Fugitive bank robber Joe Maybe steals the identity of a marshal and rides into a town whose judge asks Joe to act as town marshal but an old flame almost betrays his real identity forcing Joe to claim she's his wife.
Audie Murphy comes into his own as a Western star in this story. Wrongly accused by crooked railroad officials of aiding a train heist by his old friends the Daltons, he joins their gang ... See full summary »
Audie Murphy is again the kid who puts on a badge to catch the bad guy, skillfully played by Barry Sullivan. On the way back to town the two develop a curiously close relationship - ... See full summary »
Jim Harvey is hired to guard a small wagon train as it makes its way west. The train is attacked by Indians and Harvey, hoping to persuade Aguila, the chief, to call off the attack due to ... See full summary »
Crown City, Colorado, may become a ghost town; the only gold left is in Ute Indian land. Gary Brannon, an honest man who hates Indians, joins a mission to try for mining concessions; but crooked Frank Walker, more realistically, plans to start an Indian war. Gary and his wiser father Sam have their hands full keeping the peace, and Walker has lots more schemes up his sleeve. More plot twists than the average Western. Written by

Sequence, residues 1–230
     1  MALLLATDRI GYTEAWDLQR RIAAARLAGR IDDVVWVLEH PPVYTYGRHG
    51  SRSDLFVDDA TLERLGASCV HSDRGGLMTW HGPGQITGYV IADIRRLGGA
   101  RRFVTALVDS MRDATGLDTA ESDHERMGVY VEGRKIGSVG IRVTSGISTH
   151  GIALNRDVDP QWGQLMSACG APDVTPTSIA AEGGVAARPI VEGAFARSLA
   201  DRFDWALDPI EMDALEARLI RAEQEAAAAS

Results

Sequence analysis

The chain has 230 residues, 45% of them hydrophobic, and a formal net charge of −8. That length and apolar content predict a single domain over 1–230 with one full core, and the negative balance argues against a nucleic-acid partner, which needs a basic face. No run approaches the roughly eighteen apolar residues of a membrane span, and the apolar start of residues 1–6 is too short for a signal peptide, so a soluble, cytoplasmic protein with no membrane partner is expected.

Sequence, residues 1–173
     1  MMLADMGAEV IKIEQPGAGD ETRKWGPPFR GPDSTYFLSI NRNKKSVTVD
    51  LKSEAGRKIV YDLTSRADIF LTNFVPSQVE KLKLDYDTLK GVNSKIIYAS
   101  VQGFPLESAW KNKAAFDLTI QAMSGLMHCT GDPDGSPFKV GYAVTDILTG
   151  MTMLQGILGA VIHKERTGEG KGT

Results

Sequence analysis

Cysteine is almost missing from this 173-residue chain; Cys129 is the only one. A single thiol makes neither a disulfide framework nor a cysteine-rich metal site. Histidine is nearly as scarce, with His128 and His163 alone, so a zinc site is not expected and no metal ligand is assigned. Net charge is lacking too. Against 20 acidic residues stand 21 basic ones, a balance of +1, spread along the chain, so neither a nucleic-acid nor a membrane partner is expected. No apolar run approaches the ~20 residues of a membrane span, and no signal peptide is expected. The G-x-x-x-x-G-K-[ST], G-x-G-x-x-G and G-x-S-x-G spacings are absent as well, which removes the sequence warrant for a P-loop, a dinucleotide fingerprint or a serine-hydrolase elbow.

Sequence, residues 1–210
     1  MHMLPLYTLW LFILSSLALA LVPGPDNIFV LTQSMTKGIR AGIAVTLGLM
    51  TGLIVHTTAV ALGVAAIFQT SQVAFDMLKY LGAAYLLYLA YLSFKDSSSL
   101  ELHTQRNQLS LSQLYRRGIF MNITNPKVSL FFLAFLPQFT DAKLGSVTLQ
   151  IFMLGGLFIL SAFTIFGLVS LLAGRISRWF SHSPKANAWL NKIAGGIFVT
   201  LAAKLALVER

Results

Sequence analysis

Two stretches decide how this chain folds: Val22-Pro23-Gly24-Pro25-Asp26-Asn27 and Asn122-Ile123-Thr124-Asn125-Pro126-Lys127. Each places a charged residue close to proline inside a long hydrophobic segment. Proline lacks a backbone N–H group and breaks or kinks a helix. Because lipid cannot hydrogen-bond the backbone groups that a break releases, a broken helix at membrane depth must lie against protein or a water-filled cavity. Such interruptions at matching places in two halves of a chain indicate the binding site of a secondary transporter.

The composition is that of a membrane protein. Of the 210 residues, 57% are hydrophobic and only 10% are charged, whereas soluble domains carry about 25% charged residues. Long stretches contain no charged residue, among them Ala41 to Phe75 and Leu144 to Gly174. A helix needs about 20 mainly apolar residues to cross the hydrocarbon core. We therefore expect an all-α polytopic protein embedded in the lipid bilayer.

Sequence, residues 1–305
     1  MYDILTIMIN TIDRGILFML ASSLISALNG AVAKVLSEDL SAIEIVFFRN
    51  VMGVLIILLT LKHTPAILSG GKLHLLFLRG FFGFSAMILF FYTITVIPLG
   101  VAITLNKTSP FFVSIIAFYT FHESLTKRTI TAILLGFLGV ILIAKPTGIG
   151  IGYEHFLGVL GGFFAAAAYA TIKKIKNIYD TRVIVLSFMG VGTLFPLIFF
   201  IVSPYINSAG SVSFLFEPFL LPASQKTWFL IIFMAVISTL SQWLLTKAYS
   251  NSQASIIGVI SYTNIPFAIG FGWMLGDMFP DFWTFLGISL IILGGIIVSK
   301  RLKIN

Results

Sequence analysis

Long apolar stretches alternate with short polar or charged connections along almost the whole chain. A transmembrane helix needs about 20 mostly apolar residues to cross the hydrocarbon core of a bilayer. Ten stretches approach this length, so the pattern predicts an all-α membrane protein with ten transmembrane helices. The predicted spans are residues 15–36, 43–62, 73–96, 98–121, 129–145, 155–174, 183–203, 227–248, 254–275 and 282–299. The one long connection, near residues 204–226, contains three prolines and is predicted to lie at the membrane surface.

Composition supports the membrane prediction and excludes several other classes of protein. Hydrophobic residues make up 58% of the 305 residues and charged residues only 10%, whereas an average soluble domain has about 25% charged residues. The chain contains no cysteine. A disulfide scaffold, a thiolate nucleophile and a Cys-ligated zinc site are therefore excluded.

Rod Crawford <firstname.lastname@example.org>
Drums Across the River concerns freighters Walter Brennan and his son Audie Murphy trying very hard to prevent a full scale Indian war which Lyle Bettger and sidekicks seem bound and determined to start.
There's some rich mineral deposits on Ute land which is separated by a river boundary. Lyle Bettger plays on the greed of the white folks to invade the Ute treaty land so the government will send in troops to move them.
Brennan sees the game for what it is, but it takes Murphy a while to come around. When he does he's the heroic Audie we know in most of his B westerns.
Lots of action and a really nice performance by Jay Silverheels as the young Ute chief. Silverheels was on hiatus from the Lone Ranger and he ought to be remembered for more than just playing Tonto.
There's also a nice performance by Mara Corday who is Bettger's squeeze and does quite a bit more for him than the usual moll.
Despite that the film probably suffered from some poor editing and a script in which the character's motivations in doing certain things are a bit vague.
Nevertheless Drums Across the River has enough action to satisfy any western lover.
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